Getting ‘plantwise’ – clinically, with CABI support
Since 2012, farmers in Thiruvaiyaru block, Thanjavur district in the state of Tamil Nadu, India, have had been using Plantwise plant clinics to help solve problems with pests and diseases. The programme there is run by the M. S. Swaminathan Research Foundation (MSSRF) in collaboration with Plantwise. Agriculture is the primary livelihood of 70% of the communities in the region of which more than 90% are smallholders.
So far around 650 sessions have been conducted with an average of 14 farmers per plant clinic. Plant doctors provide services to all the crops which are cultivated from main fields to homesteads such as paddy, banana, sugarcane, blackgram, gingelly, and vegetable crops. The crop losses due to insects and diseases are the main reason for the yield gap for farmers irrespective of the crops and the main source of advice for plant health had been private farm input dealers in the nearby town.
A study of this plant clinic has revealed that farmers have gained a great deal of fundamental knowledge over the years, which have helped to reduce losses and enhance their productivity. The key learnings expressed by the farmers were: not only what management action to take but when to take it, how to differentiate between common pests and disease with other physiological disorders, awareness of host plants of insects and diseases, vectors that spread infection to other plants and the phytosanitary practices to adopt when viral infection occurs, and last but by no means least, simple agronomic and low-cost pest management practices.
Crucially, farmers were also able to reduce the use of hazardous and highly toxic pesticides. The use of biological inputs has gone up and farmers are now in contact with dealers in other towns that sell such products and order through a courier service. Farmers shared that they have changed to buying yellow and green-labelled pesticides and only use chemical pesticides as a last resort.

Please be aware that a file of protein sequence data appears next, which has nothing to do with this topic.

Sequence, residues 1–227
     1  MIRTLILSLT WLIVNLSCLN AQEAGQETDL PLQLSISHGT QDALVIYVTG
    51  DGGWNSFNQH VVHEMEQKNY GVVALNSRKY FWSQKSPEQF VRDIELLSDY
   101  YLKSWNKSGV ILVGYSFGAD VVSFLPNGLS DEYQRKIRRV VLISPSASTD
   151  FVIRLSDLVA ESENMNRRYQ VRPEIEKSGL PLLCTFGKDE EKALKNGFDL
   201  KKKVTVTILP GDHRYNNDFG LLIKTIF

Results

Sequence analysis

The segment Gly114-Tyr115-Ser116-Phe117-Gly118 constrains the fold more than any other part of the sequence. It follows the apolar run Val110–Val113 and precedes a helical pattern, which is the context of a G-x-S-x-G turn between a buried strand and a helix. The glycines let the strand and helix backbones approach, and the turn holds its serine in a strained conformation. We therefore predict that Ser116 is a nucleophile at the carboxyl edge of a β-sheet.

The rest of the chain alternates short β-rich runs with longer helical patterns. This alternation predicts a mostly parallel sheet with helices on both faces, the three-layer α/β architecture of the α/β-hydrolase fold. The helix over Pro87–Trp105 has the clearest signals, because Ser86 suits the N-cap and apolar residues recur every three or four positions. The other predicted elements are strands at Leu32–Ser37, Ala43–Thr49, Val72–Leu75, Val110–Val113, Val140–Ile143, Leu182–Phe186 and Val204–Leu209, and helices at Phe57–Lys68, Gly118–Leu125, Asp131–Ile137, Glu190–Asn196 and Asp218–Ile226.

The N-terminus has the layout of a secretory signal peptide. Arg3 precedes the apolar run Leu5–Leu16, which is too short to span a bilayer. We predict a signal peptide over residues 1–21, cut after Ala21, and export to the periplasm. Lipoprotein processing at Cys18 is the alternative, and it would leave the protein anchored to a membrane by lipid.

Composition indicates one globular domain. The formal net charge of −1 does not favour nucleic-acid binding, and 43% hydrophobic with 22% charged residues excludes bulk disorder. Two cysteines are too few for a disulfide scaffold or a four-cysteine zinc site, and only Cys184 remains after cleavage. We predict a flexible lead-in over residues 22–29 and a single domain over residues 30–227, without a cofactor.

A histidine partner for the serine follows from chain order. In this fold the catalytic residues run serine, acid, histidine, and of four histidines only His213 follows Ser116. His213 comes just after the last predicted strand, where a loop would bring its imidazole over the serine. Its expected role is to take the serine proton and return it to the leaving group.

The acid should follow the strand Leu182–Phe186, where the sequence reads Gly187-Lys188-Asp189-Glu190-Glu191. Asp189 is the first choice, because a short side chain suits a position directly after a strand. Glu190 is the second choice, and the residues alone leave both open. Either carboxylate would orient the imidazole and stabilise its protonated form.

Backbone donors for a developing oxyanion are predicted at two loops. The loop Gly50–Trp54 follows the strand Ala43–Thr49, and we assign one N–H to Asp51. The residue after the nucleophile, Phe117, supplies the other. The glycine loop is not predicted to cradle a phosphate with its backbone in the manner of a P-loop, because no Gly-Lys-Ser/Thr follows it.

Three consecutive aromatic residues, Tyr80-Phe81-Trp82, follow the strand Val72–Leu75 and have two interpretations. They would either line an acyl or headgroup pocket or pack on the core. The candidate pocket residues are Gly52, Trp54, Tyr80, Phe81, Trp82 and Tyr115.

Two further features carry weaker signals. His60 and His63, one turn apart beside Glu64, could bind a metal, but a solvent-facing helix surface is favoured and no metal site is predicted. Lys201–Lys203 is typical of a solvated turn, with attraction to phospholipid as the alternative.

“Now I understand that if the crop is in a stage of high damage – as if it were in the intensive care unit – then we need to resort to chemical application,” said Mr Venkatesan, a farmer from the village of Panaiyur.
Similarly, the smallholder farmers showed a reduction in the use of chemical fertilizers, having previously believed that the application of higher dose fertilizers would result in increased yield. This change has had a positive impact on the overall cultivation costs for farmers.
“I do not borrow money these days, this a significant development. I have a direction now,” reported another farmer, Ms Ramamirutham.
Other farmers also shared their experiences and the benefits they have seen through the plant clinics: “In the past, my father sold more than 5 hectares of land because of a lack of confidence and extension support,” said Mr Muruganandam. “We also leased out one hectare of land since we saw losses on our farm. If we had this service back then, we may not have had to make these decisions,” he reported.
Overall, farmers in Thiruvaiyaru were happy with the plant clinic services, as expressed by them as, “a source of inspiration to do agriculture with clarity, confidence, and interest. It has reduced the stress of farming and given inspiration to continue practising agriculture as a primary livelihood.”
The next step for partners and researchers is looking for ways to scale-up these benefits and extend them to a larger farming community in the region.
With contributions from Dr. R. Rengalakshmi (MSSRF) and Dr. R. Rajkumar (MSSRF)